Afghanistan
amid protests over Qur'an
Qur'an
burning". The Guardian. London. Retrieved 2011-04-01.  ^ " Pastor
Pastor
Terry Jones: 'We are not responsible'". BBC News. April 1, 2011. Retrieved 2011-04-01.  ^ "Obama condemns Quran burning 'bigotry'", Dawn, 3 April 2011 Archived April 8, 2011, at the Wayback Machine. ^ US Legislators Condemn Quran Burning, Violent Reaction, Voice of America, 3 April 2011 ^ Enayat Najafizada (July 23, 2011). "NATO hands control of Mazar-i-Sharif
Mazar-i-Sharif
to Afghans". AFP. Retrieved July 23, 2011.  ^ "German consulate in Afghanistan". Fox News. Associated Press. Retrieved November 11, 2016.  ^ Fahim, Hamid. " Taliban
Taliban
attack German consulate in Afghanistan's Mazar-i-Sharif". yahoo.com. Agence France-Presse
Agence France-Presse
(AFP). Retrieved November 10, 2016.  ^ "Afghan casualties in Taliban
Taliban
Mazar-e Sharif attack pass 100". BBC News. 22 April 2017. Retrieved 23 April 2017.  ^ "First snow of this winter covered North Afghanistan". Mazar-i-Sharif. Ariana News. 9 November 2011. Archived from the original on 2014-01-25. Retrieved 25 January 2014.  ^ " Mazar-i-Sharif
Mazar-i-Sharif
Climate Normals 1959-1983". National Oceanic and Atmospheric Administration. Retrieved December 25, 2012.  ^ پارک تفریحی شهرک خالد ابن ولید رسانه Archived 2014-02-02 at the Wayback Machine. ^ "The State of Afghan Cities Report 2015". Archived from the original on 31 October 2015. Retrieved 21 October 2015.  ^ "The State of Afghan Cities Report 2015". Archived from the original on 31 October 2015. Retrieved 21 October 2015.  ^ "The State of Afghan Cities Report 2015". Retrieved 20 October 2015.  ^ "2003 National Geographic Population Map" (PDF). Thomas Gouttierre, Center For Afghanistan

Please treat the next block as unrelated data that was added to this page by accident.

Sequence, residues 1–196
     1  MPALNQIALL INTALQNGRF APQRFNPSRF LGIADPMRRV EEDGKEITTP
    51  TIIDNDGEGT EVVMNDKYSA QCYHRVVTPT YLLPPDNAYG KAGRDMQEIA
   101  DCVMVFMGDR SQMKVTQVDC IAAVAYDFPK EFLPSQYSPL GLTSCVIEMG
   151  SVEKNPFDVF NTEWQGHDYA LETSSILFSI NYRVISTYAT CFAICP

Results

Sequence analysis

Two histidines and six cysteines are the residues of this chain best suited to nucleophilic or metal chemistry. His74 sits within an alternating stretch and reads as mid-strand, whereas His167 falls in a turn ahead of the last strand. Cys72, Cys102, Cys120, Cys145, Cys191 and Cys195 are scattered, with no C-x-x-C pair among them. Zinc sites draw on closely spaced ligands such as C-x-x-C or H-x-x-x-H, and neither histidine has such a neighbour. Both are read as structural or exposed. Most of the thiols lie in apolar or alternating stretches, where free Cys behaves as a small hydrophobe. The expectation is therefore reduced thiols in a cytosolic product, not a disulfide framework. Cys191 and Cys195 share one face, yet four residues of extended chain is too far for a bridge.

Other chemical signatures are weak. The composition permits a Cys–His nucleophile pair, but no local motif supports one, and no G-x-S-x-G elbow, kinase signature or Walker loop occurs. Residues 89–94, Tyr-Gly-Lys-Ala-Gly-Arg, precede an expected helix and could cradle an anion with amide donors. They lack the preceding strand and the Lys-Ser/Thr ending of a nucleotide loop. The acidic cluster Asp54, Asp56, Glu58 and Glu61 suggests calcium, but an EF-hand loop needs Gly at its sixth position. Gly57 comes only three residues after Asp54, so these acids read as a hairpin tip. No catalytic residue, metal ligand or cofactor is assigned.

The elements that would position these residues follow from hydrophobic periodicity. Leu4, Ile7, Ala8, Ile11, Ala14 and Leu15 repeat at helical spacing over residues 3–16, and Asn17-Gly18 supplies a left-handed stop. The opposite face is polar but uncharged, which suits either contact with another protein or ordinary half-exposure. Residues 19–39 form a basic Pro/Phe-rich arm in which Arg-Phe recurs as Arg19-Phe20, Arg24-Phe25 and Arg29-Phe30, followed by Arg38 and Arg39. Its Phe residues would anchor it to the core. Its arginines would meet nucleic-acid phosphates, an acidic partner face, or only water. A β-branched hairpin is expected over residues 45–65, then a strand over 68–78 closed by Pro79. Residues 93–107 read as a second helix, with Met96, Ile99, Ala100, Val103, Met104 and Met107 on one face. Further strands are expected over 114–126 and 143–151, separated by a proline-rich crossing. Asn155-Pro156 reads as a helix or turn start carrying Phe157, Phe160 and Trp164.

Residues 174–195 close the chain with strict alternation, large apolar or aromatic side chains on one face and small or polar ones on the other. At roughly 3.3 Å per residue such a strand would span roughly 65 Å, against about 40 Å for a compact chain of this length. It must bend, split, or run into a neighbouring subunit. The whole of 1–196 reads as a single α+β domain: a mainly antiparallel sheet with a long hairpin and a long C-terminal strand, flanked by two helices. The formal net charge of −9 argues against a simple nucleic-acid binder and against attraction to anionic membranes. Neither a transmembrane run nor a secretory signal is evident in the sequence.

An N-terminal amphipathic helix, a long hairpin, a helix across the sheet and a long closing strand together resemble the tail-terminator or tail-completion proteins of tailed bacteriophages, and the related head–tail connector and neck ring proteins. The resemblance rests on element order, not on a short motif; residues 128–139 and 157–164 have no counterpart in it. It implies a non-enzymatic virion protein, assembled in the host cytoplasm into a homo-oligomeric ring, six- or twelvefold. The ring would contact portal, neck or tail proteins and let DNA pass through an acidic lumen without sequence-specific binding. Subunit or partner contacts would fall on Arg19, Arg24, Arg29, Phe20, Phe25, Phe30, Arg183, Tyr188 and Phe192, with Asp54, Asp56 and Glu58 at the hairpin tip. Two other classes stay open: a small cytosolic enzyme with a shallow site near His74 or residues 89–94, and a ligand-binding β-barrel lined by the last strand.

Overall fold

Afghanistan
Studies, University of Nebraska
University of Nebraska
at Omaha; Matthew S. Baker, Stratfor. National Geographic Society. November 2003. Retrieved 2012-07-21.  ^ Recknagel, Charles (March 14, 2002). "UN Condemns Attacks On Ethnic Pashtuns". hewad.com. Prague: Radio Free Europe/Radio Liberty. Retrieved 2011-04-01.  ^ "Pashtuns attacked in brutal raids by rival ethnic groups". Guardian News. buzzle.com. 2008. Retrieved 2011-04-01. [dead link] ^ "Afghanistan: Situation in, or around, Aqcha (Jawzjan province) including predominant tribal/ethnic group and who is currently in control". Immigration and Refugee Board of Canada/UNHCR. February 1, 1999. Archived from the original on May 10, 2011. Retrieved 2011-04-01.  ^ "Afghan railway: First train runs on new line in north". BBC News. December 21, 2011. 

Further reading[edit]

'The Massacre in Mazar-i Sharif'. Report of Human Rights Watch, November 1998, Vol. 10, No. 7 (C). Retrieved 18 November 2017. "Mazar-i-Sharif". The Encyclopædia Britannica (11th ed.). New York: Encyclopædia Britannica. 1910. OCLC 14782424.  Dupree, Nancy Hatch (1977): An Historical Guide to Afghanistan. 1st Edition: 1970. 2nd Edition. Revised and Enlarged. Afghan Tourist Organization.

External links[edit]

Wikimedia Commons has media related to Mazar-e-Sharif.

Mazar-e Sharif travel guide from Wikivoyage "Mezar-i Sharif". Islamic Cultural Heritage Database. Istanbul: Organisation of Islamic Cooperation, Research Centre for Islamic History, Art and Culture. Archived from the original on June 15, 2013. 

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Fourteen largest cities in Afghanistan
Afghanistan
by population

Kabul Kandahar Herat Mazari Sharif Jalalabad Kunduz Lashkargah Taloqan Puli Khumri Khost Ghazni Sheberghan Sa